We're revisiting the highs and lows of Eon's James Bond movies in the lead-up to No Time to Die. This week, Bond gets married ... briefly.
The first James Bond movie not starting Sean Connery, On Her Majesty's Secret Service desperately wants you to remember it still is a James Bond movie. Instead of an actual song during the opening titles, we get a kind of greatest hits reel of the previous five movies (also, plenty of nipples. Wouldn't want to forget those).
The movie opens with new Bond (George Lazenby) saving someone we'll come to know as Contessa Teresa di Vicenzo (Diana Rigg), or "Tracy" to her future husband. If there's ever any overt mention made of why she was trying to drown herself in the pre-title sequence, I must have missed it. Their courtship starts in earnest in the Casino Estoril, where Bond has to bail Tracy out after she loses at baccarat.
Speaking from my own casino experiences, I don't recommend trying the "I don't have any money" gambit.
What begins as a typical Bond one-night stand evolves after M (Bernard Lee) takes the secret agent off "Operation Bedlam" (MI6's investigation of SPECTRE), who subsequently agrees to romance Tracy if her father, the Italian gangster Draco (Gabriele Ferzetti), helps him track down Blofeld. This in spite of the fact the guy's name is "Draco."
I know what you're thinking: this Draco guy has some radical views on parenthood. But also: romance? Yes, a huge portion of this movie is given over to Bond wooing Tracy as Louis Armstrong's "All the Time in the World" playing in the background. As foreshadowing goes, Tracy might as well have told Bond she was two weeks from retirement. We don't get our first real spy action until over 40 minutes in, when Bond snoops in the office of a Swiss lawyer with ties to Blofeld.
As it turns out, Blofeld (Telly Savalas) isn't just interested in [checks notes] training hot babes to release his "Virus Omega" to destroy the world's crops and livestock, but also becoming the "'Count Balthazar de Bleuchamp." Which all leads to a very silly second act where Bond impersonates a genealogist (poorly) to infiltrate Blofeld's mountaintop "allergy center." The time sensitive nature of the case doesn't prevent him from bedding two of the so-called "Angels of Death," at least. Maybe he thought it was an extended bachelor party.
Lazenby's 007 becomes more assured as the film progresses, but is never really at ease in the role. His lack of experience is especially apparent in scenes opposite Rigg and Savalas (whose Blofeld seemingly doesn't recognize Bond, despite having met him in person in You Only Live Twice). And it's easy to argue that Tracy is the best so-called "Bond girl," being 007's equal in fighting, driving, and sabotaging her own life.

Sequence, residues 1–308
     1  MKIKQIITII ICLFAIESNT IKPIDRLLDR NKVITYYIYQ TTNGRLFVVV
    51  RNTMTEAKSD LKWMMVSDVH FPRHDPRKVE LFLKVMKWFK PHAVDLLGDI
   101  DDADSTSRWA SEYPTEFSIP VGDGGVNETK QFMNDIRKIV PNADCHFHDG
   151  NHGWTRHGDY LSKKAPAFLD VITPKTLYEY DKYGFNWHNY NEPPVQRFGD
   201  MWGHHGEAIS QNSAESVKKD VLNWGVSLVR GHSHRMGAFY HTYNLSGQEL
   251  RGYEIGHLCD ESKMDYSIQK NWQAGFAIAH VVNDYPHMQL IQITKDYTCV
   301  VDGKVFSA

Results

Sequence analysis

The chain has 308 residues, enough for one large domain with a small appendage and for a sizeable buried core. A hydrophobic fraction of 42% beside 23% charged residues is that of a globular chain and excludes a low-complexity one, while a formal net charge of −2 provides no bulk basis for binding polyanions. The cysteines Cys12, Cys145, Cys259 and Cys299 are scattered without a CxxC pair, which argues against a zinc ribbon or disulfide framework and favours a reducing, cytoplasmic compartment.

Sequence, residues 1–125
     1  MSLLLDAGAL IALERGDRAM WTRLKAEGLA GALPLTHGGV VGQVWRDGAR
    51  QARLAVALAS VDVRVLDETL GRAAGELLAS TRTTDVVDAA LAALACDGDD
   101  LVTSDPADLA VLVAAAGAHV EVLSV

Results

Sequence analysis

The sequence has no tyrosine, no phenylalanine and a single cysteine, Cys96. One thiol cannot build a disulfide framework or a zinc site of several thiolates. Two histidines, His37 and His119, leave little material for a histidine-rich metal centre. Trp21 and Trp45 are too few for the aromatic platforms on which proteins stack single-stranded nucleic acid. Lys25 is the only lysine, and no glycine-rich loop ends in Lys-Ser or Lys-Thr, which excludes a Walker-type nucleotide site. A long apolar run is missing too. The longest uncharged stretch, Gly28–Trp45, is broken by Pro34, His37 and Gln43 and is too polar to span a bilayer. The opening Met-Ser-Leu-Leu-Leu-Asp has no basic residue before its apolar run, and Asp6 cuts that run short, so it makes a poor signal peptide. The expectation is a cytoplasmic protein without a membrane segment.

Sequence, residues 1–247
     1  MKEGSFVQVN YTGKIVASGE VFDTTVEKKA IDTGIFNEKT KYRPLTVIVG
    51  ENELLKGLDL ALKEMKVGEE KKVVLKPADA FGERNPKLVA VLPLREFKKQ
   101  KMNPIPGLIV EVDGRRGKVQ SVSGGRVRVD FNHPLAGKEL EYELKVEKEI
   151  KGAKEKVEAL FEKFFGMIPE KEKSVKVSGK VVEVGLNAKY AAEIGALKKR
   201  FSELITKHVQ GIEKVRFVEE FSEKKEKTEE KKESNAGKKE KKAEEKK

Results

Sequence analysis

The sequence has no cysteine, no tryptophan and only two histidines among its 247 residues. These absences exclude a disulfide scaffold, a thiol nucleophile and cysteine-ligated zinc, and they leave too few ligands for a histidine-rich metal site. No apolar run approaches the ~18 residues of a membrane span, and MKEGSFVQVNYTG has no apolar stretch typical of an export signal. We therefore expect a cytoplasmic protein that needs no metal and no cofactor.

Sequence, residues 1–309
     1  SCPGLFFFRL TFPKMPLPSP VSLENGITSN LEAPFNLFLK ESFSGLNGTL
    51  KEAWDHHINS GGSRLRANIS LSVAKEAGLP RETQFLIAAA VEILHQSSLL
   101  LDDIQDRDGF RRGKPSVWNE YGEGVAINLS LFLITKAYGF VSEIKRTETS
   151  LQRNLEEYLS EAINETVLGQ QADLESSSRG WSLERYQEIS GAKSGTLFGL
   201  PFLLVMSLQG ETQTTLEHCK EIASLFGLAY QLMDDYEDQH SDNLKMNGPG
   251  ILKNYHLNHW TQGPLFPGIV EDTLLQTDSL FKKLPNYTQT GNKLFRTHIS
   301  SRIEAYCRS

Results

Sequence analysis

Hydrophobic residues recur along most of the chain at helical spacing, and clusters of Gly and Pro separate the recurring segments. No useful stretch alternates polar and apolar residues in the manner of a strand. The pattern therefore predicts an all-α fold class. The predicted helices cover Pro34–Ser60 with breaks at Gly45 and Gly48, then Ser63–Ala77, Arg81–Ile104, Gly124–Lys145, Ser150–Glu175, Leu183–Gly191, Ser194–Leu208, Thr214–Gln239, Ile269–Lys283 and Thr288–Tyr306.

OHMSS may also be the first movie we ever see Bond show fear (when not facing laser castration, that is), which happens while he's fleeing SPECTRE henchmen at a winter carnival (in fairness, that polar bear was pretty creepy). His escape from Blofelds lair is some top-notch skiing, however, though I'm not sure which is more hilarious: Telly Savalas as a downhill champion or the Wile E. Coyote-length fall one of his henchman takes off a cliff. I laughed harder at that than the last John Mulaney special.
Anyway, Bond proposes marriage. Tracy accepts. SPECTRE captures Tracy, and M won't sanction a rescue mission, so Bond goes to Draco and together they get her back. And after a sumptuous wedding, Tracy is killed in a drive-by by Blofeld henchperson Irma Bunt (the shot of Blofeld driving in a neck brace is almost as hilarious as the skier falling).
Director Peter Hunt had worked as an editor or second unit director on the previous Bond movies, and convinced the Broccolis to let him take the lead on this one. The quick cuts that were his early trademark take even more of a front seat in OHMSS, not always to great success. The fight scenes — while showcasing Lazenby's hilarious penchant for wild uppercuts — are more invigorating than any since From Russia with Love, and the action is undeniably engaging.
Likewise, John Barry's score is much more forceful this time around. To hear him tell it, this was by design, as everyone was trying to make Connery's absence not so noticeable. Turns out, he needn't have worried. Lazenby's agent convinced him to turn down a seven-film deal on the assumption that secret agents wouldn't fit in with the "liberated" '70s, man. Talk about misreading an industry. And a decade.
As Bond, Lazenby gets horned up easily enough, but lacks the Connery's indifferent cruelty (slapping Tracy notwithstanding). Eon took a big risk making their longest 007 movie to date a love story starring an actor that had never made a movie before, and Lazenby — thanks for the aforementioned bad advice and his own ego — never returned to the role. Connery would make his last (official) appearance as Bond in Diamonds Are Forever, but the horse had left the barn: other people could officially play James Bond.
Well, other white, male people.
> M is both A) an admiral in the British Navy, and B) a butterfly aficionado.
> James Bond was apparently the inspiration for Better Off Dead's "he's skiing on one ski."
> Lazenby remains the only 007 to go down on one knee during the opening gun barrel sequence. Connery does this kind of awkward side hop they never bothered to change until Thunderball, Roger Moore is the only one who attempts a proper firing position, adopting a Weaver stance by The Spy Who Loved Me. Pierce Brosnan's is literally laid-back, while Daniel Craig has done a different one each film.
Unfortunately, in light of MGM's decision to push the release of No Time To Die back to November, La Fin Du Bond will be going on hiatus. See you in a few months.
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